Pick of the week;Schools television;Features and arts

26th November 1999 at 00:00
Arma virumque cano" so begins one of the greatest yarns ever told, Virgil's Aeneid. This story of "arms and the man" is a breathless mix of travelogue, boys-own adventure and object lesson on how things can go terribly pear-shaped if you fall foul of the wrong deity.

Aeneas faces a barnful of trials and tribulations after picking the losing side in the Trojan War. Among these are a spiteful goddess (Juno), an exotic babe (Dido) and a hair-raising trip to Hell and back. Radio 4 has trimmed C Day Lewis's translation of this grand epic to an hour and gives it the star treatment, with a cast that includes Derek Jacobi, Andrew Sachs, Diana Quick and Anna Massey. Hollywood darling Ralph Fiennes is the much-vexed Aeneas. The result is riveting.

With the judicious use of sound-effects (creaking timbers, sloshing waves, groaning oarsmen, for example) and some atmospheric music, this is an unmissable opportunity to hear one of the great canons of world literature and one not just for those teaching or learning classics.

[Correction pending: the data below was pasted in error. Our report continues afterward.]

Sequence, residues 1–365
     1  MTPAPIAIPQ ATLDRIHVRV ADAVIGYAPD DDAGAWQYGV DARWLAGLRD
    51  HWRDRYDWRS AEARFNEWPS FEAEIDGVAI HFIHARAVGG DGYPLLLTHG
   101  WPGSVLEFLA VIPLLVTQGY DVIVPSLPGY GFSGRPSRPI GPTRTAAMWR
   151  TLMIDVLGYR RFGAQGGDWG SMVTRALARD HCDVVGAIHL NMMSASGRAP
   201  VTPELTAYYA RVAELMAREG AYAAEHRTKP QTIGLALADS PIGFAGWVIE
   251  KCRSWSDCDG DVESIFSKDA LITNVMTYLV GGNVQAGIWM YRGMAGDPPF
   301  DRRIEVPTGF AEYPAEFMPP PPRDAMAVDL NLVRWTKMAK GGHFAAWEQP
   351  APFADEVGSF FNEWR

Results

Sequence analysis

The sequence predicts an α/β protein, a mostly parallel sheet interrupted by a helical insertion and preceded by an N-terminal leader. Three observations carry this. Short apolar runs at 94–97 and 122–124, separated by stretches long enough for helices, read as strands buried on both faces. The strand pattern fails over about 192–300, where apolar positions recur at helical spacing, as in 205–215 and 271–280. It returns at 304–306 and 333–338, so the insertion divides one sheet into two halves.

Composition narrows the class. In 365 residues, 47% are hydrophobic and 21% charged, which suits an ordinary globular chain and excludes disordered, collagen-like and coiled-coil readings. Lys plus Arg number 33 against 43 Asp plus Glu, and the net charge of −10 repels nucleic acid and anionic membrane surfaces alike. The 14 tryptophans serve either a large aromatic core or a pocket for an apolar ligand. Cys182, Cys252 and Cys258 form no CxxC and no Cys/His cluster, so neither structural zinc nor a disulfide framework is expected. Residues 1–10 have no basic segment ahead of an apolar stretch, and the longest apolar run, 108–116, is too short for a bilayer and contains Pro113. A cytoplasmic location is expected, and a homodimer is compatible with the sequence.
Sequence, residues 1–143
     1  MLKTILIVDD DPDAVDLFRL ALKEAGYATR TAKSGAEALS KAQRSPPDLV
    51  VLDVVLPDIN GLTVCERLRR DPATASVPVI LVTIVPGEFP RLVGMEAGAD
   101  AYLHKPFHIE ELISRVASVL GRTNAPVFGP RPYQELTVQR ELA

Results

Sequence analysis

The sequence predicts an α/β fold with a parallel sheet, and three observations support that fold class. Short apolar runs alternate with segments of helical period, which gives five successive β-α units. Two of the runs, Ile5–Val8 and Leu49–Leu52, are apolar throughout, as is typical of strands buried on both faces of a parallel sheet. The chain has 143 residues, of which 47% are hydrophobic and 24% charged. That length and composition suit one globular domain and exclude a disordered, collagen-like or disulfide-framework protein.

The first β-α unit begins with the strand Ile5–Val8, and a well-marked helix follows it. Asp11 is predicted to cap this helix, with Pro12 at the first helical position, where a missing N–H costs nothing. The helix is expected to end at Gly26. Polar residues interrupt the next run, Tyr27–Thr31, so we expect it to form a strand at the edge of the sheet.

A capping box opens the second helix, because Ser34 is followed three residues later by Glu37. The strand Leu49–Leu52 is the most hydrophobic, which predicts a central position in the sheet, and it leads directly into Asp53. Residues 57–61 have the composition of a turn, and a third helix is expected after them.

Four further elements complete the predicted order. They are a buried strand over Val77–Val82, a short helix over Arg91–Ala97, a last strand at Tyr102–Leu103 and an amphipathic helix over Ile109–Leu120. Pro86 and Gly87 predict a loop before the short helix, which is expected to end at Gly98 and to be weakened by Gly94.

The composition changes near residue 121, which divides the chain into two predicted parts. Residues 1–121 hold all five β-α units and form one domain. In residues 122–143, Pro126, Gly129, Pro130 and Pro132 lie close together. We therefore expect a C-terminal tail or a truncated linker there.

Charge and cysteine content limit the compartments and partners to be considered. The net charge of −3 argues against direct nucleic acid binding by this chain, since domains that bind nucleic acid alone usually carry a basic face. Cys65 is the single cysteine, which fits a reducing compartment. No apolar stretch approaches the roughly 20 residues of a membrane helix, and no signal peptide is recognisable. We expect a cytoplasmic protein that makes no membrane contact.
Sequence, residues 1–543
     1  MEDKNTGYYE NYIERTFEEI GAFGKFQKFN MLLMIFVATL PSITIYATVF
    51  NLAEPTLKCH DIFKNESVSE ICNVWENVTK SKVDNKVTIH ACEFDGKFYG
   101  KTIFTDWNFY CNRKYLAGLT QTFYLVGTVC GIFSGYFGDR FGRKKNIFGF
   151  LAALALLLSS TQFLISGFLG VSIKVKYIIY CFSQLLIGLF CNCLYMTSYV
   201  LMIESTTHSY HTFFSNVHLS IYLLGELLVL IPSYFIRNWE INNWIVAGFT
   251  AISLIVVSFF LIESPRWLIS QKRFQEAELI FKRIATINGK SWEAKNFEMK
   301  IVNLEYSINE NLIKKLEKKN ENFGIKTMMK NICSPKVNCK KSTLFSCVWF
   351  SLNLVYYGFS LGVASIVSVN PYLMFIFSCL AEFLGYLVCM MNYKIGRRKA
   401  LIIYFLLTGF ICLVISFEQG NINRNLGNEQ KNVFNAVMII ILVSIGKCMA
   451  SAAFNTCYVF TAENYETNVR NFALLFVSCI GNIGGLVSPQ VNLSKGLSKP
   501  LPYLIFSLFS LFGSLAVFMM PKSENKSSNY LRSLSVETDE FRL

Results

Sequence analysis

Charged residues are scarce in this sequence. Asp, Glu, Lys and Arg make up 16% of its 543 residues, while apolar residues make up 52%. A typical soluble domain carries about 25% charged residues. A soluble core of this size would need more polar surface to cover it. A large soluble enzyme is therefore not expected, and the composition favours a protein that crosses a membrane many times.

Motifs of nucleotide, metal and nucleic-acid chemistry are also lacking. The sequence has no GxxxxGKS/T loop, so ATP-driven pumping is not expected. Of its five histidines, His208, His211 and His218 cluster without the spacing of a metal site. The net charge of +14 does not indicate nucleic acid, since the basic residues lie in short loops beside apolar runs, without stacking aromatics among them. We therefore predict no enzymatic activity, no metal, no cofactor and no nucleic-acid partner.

Jacobi is superb as the narrator, his voice effortlessly switching from cosy intimacy to menace to wry amusement - a masterful story-teller who makes this ancient poem come alive in the most vivid and compelling way.

If you don't want to tape this for school, just curl up and enjoy it for its own merits - it's simply brilliant.

The Classic Serial: The Aeneid Radio 4

Sunday, November 28



One of the reasons the BBC's much-lauded series Back to the Floor is so irresistible is that there are few things people relish more than a good dollop of schadenfreude.

These programmes have given us the chance to indulge to the hilt as various fat cats find themselves being shot at alongside the corporate foot soldiers, often trying to make sense of their own orders.

Floyd Ballantyne, managing director of children's adventure holiday group PGL, fares better than most when he ends up making packed lunches, hanging up sodden t-shirts and sleeping under canvas for a week. Left in charge of a group of worldly 10 to 12-year-olds, he has to rediscover skills he first learned 20 years previously.

Many of the physical tasks such as making rafts and coaxing nervous children on to a high wire present few problems. But he is surprised to find himself being given a serious dressing down by one of his own managers for repeatedly breaking a PGL cardinal rule ("no swearing").

His charges react to his advanced years (he is 40) with some suspicion. "If you ask him questions, he know nothing," says one disparagingly. But by the end a whole gang of girls are sobbing their hearts out because they can't bear to go home. Whether this has more to do with his uncanny resemblance to George Clooney or his winning way with kids is a moot point.

Back to the Floor


Thursday, December 2


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